separating data where there are only a few clusters (20). This latter technique reduces the n-dimensional data to 2 dimensions so that it may be visualized as x, y points and was used to
perform the recognition of the classes defined by the Q-mode method. The NLM method
necessarily introduces some distortion into the final picture/display in two dimensions, but the
guiding principal behind the mapping dictates that the close distances are preserved, and this in
turn preserves the clustering of the data. NLM suffers from the disadvantage that the mapping
produced can often be too dense for a good display. Another type of cluster analysis procedure is
the use of graph theory methods and Zahn (12), in a comprehensive review of this subject,
describes a number of algorithms for clustering based on the so-called "minimal spanning tree"
Data point sets come in a variety of patterns. Figure 10-12 show three sample problem
data sets that cluster analysis has been used to solve. Figure 10 is the trivial case of two distinct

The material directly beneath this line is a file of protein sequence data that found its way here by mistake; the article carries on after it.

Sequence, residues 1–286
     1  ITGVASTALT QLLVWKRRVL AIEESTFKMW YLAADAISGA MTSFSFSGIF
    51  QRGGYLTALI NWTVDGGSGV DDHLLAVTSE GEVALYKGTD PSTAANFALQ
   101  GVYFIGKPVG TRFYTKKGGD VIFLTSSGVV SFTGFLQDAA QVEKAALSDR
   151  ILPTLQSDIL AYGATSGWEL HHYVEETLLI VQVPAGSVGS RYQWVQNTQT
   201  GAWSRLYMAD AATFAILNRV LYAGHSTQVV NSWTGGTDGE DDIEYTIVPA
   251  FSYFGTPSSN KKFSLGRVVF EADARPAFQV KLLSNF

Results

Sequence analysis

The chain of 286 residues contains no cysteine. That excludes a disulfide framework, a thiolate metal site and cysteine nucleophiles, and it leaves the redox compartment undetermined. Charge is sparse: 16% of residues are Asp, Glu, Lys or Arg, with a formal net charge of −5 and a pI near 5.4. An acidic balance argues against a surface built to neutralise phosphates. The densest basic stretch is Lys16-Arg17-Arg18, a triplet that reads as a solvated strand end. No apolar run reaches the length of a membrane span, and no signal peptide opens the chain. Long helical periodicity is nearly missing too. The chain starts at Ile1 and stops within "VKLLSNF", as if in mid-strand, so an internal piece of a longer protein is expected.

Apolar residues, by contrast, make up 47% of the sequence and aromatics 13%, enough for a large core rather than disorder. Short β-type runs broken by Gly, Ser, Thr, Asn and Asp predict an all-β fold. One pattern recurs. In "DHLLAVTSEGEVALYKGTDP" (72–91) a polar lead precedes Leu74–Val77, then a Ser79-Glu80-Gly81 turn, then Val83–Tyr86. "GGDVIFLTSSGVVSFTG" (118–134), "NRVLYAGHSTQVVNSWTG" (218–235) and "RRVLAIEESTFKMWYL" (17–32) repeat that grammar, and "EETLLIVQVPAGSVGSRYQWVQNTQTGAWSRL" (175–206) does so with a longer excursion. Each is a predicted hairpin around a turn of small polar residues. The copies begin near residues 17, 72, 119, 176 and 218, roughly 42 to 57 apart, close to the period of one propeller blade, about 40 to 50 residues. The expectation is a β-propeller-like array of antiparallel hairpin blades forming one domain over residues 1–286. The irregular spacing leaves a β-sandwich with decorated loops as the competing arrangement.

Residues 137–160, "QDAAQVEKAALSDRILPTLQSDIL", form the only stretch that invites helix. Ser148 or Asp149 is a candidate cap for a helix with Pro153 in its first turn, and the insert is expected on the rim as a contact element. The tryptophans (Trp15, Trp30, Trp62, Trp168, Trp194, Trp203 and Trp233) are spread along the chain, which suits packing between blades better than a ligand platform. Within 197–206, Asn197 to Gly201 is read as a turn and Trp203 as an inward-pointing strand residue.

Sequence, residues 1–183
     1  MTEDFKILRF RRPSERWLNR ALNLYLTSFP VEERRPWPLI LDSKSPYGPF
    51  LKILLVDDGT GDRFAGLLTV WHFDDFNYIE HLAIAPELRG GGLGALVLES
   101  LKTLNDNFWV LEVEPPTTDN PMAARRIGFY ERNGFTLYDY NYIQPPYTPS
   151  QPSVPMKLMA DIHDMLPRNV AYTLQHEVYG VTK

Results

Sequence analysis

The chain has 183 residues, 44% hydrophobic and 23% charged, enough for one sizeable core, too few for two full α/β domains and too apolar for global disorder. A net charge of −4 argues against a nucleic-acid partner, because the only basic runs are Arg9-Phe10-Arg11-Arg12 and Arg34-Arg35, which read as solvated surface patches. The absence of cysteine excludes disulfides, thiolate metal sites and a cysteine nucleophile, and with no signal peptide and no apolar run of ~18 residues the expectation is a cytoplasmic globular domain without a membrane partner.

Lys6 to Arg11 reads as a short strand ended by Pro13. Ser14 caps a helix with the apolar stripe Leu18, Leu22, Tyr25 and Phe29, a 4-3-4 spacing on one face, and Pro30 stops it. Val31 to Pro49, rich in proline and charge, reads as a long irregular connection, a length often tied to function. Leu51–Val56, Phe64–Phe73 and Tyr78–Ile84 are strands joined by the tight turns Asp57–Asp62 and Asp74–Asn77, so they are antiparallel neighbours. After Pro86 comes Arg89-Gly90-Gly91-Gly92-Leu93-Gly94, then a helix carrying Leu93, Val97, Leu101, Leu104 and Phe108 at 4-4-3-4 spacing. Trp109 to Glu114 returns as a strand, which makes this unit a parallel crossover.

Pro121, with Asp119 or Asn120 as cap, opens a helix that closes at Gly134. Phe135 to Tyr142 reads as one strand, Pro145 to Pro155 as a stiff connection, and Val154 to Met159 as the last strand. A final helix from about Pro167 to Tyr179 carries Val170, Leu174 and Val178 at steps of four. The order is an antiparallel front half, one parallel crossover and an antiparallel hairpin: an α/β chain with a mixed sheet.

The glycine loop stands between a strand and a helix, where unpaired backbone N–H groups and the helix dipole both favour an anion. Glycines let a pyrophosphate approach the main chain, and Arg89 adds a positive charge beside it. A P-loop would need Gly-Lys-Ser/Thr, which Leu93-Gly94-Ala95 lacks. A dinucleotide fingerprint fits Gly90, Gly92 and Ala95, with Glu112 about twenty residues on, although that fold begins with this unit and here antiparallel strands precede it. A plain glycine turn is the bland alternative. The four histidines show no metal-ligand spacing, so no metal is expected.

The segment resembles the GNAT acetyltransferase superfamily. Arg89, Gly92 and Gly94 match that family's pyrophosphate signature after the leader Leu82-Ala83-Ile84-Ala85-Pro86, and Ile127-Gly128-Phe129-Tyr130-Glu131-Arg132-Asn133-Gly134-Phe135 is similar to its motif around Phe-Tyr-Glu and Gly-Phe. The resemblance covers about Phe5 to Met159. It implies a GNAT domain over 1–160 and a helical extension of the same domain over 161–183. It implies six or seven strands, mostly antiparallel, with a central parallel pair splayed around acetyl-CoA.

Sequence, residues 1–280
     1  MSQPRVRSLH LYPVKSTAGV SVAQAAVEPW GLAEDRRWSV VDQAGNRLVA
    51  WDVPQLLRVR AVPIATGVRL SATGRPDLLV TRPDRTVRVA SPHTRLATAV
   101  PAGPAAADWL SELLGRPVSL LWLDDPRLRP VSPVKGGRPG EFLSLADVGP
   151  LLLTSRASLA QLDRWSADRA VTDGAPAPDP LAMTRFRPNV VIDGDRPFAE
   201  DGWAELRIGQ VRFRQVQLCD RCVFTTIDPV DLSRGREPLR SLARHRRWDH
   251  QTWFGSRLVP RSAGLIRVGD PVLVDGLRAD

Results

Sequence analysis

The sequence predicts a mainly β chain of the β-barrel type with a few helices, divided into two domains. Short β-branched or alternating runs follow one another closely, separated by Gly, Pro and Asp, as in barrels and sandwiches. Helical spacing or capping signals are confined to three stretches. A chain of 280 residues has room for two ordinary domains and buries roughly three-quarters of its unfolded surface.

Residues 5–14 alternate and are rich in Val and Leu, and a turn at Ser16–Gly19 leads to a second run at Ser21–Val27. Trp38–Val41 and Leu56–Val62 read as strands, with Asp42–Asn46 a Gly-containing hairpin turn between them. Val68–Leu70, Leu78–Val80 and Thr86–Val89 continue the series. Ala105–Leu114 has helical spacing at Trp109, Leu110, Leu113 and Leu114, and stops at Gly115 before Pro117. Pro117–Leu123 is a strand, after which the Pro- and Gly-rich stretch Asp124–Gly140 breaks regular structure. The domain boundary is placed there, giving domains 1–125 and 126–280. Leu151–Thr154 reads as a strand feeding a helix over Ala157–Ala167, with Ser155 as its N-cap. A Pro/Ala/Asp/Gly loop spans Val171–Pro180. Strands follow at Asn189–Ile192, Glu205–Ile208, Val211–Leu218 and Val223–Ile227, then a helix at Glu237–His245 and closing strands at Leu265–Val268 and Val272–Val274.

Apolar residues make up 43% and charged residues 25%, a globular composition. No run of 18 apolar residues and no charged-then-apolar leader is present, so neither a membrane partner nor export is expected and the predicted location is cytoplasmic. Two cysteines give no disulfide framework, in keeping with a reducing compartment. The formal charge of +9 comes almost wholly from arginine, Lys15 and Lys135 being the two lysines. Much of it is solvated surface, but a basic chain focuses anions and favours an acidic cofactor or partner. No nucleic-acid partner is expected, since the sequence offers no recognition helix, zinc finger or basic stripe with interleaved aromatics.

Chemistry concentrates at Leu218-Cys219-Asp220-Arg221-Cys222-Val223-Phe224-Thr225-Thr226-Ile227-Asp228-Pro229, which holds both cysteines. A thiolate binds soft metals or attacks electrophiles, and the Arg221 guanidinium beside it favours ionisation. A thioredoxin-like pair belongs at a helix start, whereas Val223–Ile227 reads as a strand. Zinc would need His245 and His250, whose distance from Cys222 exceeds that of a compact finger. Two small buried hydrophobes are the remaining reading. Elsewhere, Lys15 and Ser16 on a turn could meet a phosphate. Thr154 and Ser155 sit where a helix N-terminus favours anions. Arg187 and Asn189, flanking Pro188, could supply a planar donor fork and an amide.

clusters which can be readily separated. However, if one looks closely, on of the two sets of ten
points can probably be separated into two smaller sets of five points. Figure 11 shows a more
complicated case of a set of points attached via a short "neck" and is more difficult to separate.
Lastly, Figure 12 shows a possible mass spectral data problem. In Figure 12 one can readily find
anywhere from five to eleven (or more) clusters, depending on what criteria one uses for
"similarity." Ball (18) has discussed a number of measures of similarity. They include the dot
product, similarity radio, weighted and unweighted Euclidean distances and weighted and
unweighted Boolean "AND" normalized correlation methods.
Figure 10. Two Separate Clusters
Figure 11. Two Clusters Joined at a Neck
Figure 12. Multi-Cluster Pattern
Figure 13 illustrates one of the graph-theory methods, the shortest spanning path (SSP)
cluster procedure (22). A simple distance measurement to find the two clusters in the data set
(steps A-D). In part A, one has the starting point set. One then connects all pairs of points as
shown in part B. In step C one obtains the SSP. In part D, the "inconsistant" edge J-K has been
deleted since it has a larger distance weight than any other neighboring edges and hence the data
points are clustered. If one now considers the total weight of edges in a graph as the sum of all
the constituent edges, the minimum or shortest spanning path (SSP) in this graph is a spanning
path whose weight is a minimum among all the spanning paths of this graph.